Tuesday, March 16, 2010: 7:30 PM-8:45 PM
Marriott : Indiana Ballroom EFG
|Presiders:||Dana D. Brooks, West Virginia University, Morgantown, WV; and Susan J. Hall, University of Delaware, Newark, DE|
|Speaker:||David M. Buchner, University of Illinois at Urbana-Champaign, Champaign, IL|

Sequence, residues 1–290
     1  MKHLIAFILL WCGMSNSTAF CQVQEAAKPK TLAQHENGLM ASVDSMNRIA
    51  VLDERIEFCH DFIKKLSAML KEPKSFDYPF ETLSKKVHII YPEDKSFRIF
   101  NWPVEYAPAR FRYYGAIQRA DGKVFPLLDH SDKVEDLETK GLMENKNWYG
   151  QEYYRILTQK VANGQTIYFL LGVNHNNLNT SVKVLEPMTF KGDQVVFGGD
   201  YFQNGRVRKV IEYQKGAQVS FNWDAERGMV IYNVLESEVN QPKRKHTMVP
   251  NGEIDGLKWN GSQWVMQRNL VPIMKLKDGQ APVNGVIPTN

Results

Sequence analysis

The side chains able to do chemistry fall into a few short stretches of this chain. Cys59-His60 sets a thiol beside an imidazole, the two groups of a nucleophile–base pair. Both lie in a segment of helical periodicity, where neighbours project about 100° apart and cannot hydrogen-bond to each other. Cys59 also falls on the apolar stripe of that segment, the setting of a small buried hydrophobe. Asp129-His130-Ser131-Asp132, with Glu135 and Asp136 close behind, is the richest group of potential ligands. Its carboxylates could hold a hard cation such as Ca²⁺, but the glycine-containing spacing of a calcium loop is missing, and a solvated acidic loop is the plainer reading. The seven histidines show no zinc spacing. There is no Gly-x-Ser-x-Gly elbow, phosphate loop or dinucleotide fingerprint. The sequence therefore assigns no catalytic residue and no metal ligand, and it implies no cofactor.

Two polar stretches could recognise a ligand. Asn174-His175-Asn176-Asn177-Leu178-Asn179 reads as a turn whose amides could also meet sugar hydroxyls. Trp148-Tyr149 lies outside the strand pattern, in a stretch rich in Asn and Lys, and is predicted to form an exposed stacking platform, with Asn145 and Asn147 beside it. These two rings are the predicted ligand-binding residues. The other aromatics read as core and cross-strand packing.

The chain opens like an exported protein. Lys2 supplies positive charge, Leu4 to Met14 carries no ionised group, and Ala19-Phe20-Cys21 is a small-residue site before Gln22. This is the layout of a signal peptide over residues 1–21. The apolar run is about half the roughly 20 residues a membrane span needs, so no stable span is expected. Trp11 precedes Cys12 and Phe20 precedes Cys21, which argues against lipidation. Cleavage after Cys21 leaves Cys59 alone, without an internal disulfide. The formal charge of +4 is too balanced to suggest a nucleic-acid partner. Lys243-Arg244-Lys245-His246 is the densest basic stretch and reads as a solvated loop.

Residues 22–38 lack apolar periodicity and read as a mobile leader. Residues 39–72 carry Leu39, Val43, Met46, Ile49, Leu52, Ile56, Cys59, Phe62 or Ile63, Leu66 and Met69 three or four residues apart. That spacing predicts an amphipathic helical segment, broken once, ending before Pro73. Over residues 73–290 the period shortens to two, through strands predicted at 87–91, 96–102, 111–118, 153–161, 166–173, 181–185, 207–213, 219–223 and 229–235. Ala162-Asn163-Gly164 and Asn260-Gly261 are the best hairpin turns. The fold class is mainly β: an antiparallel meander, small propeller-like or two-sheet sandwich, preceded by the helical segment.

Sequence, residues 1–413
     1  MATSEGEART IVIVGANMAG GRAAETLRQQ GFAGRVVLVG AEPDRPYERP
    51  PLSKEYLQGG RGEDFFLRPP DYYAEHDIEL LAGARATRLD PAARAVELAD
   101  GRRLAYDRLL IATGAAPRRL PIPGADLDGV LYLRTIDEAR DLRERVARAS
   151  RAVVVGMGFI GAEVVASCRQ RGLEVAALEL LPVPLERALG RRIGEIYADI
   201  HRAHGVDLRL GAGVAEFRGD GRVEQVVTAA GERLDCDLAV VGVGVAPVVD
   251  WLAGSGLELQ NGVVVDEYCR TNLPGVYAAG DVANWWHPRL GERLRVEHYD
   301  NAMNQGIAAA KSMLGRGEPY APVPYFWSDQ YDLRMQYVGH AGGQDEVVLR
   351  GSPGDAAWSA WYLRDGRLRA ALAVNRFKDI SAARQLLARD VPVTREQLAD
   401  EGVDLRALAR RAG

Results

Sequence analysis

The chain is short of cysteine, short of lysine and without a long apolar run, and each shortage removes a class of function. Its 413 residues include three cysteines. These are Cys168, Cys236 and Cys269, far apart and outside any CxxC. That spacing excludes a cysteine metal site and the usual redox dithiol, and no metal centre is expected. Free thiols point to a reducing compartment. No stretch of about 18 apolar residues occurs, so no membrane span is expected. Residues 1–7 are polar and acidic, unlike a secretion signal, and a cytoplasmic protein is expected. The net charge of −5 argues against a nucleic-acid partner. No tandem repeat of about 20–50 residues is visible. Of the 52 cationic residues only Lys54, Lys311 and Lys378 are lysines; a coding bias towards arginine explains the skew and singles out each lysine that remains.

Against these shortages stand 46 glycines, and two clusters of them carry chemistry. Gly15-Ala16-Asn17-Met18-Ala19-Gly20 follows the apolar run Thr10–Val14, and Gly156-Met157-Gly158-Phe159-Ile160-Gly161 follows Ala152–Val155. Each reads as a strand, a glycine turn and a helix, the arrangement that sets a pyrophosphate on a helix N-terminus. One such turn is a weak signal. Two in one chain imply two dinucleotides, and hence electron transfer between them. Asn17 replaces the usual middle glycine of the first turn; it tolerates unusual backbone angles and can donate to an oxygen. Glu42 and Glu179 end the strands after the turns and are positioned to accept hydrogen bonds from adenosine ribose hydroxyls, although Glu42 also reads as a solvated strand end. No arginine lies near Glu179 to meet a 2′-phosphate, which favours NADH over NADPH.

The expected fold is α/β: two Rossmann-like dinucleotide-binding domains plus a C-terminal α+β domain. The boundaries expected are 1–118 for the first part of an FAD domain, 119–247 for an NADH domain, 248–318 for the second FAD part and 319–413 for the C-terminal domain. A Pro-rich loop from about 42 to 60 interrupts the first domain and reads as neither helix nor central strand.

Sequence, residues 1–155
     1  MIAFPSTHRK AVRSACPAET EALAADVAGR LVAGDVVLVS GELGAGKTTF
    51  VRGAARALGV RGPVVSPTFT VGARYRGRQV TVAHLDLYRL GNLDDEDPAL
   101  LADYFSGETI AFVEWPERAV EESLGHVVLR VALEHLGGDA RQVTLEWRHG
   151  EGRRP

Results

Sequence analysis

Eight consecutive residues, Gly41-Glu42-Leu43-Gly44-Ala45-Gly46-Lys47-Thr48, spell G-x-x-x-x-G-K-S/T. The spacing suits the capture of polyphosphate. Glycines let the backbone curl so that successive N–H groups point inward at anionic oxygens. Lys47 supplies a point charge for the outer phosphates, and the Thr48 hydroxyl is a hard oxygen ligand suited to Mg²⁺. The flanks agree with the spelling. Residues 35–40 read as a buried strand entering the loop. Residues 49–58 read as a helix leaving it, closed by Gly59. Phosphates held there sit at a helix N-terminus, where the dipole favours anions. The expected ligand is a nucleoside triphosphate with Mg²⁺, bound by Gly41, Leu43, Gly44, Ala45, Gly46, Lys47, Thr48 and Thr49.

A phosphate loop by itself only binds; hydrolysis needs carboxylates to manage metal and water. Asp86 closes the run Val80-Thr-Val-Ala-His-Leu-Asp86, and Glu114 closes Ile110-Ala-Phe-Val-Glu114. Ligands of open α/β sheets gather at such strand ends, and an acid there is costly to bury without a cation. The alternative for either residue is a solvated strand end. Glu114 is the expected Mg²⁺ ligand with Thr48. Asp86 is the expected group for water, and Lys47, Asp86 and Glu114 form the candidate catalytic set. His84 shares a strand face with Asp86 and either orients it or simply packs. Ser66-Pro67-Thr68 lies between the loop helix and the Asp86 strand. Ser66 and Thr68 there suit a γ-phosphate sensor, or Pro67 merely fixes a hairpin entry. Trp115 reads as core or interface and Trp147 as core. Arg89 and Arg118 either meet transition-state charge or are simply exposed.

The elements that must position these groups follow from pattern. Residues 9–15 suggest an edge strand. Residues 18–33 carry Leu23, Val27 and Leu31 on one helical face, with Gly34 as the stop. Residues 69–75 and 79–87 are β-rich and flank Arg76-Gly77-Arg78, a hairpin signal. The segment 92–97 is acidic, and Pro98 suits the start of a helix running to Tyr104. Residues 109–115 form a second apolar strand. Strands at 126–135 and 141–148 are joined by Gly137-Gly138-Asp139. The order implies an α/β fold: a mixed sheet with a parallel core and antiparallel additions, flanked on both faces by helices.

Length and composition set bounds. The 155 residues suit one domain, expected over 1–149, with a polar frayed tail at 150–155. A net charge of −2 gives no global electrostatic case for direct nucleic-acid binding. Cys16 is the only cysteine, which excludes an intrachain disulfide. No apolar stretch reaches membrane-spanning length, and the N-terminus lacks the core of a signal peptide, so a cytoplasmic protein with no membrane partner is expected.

In the 1990’s, countries around the world began to issue guidance to the public about physical activity and health. The guidance was consistent and focused on the substantial health benefits of a medium amount of activity. By 2009, growth in knowledge about physical activity led to expanded and updated guidelines, such as the 2008 Physical Activity Guidelines for Americans. However, differences have begun to emerge among guidelines. In this presentation, Dr. David Buchner of the University of Illinois at Urbana-Champaign and chairman of the writing group for the 2008 Physical Activity Guidelines for Americans will provide examples of the differences, organize them into themes, and comment on their importance. The themes are: (1) we have not yet reconciled the relative importance of total activity-related energy expenditure versus the intensity of aerobic activity to health benefits; (2) guidelines differ in the way public health science is integrated with exercise science; and (3) the philosophy behind public health guidelines varies, e.g., in whether a medium or high amount of activity is emphasized, in how evidence is processed and interpreted, and in the role of expert panels. Differences among guidelines vary in importance—only a few affect key messages to the public. So far, all guidelines continue to affirm that a medium amount of moderate- or vigorous-intensity activity provides substantial health benefits. This session will also include the induction of new Fellows of the North American Society of Health, Physical Education, Recreation, Sport and Dance Professionals.
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